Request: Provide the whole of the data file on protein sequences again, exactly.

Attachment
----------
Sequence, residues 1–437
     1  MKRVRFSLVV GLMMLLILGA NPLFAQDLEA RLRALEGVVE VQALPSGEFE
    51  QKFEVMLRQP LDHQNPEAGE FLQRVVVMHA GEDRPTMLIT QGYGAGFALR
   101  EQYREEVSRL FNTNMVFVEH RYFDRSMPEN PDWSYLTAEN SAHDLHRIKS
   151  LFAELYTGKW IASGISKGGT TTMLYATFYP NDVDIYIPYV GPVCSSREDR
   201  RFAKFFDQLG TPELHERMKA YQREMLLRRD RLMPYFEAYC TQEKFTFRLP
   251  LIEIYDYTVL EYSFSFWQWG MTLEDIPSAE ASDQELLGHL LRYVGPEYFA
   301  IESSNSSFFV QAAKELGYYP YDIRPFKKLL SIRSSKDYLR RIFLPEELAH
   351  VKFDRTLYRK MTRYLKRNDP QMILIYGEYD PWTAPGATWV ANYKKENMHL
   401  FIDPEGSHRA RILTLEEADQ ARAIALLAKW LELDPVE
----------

Sequence, residues 1–437
     1  MKRVRFSLVV GLMMLLILGA NPLFAQDLEA RLRALEGVVE VQALPSGEFE
    51  QKFEVMLRQP LDHQNPEAGE FLQRVVVMHA GEDRPTMLIT QGYGAGFALR
   101  EQYREEVSRL FNTNMVFVEH RYFDRSMPEN PDWSYLTAEN SAHDLHRIKS
   151  LFAELYTGKW IASGISKGGT TTMLYATFYP NDVDIYIPYV GPVCSSREDR
   201  RFAKFFDQLG TPELHERMKA YQREMLLRRD RLMPYFEAYC TQEKFTFRLP
   251  LIEIYDYTVL EYSFSFWQWG MTLEDIPSAE ASDQELLGHL LRYVGPEYFA
   301  IESSNSSFFV QAAKELGYYP YDIRPFKKLL SIRSSKDYLR RIFLPEELAH
   351  VKFDRTLYRK MTRYLKRNDP QMILIYGEYD PWTAPGATWV ANYKKENMHL
   401  FIDPEGSHRA RILTLEEADQ ARAIALLAKW LELDPVE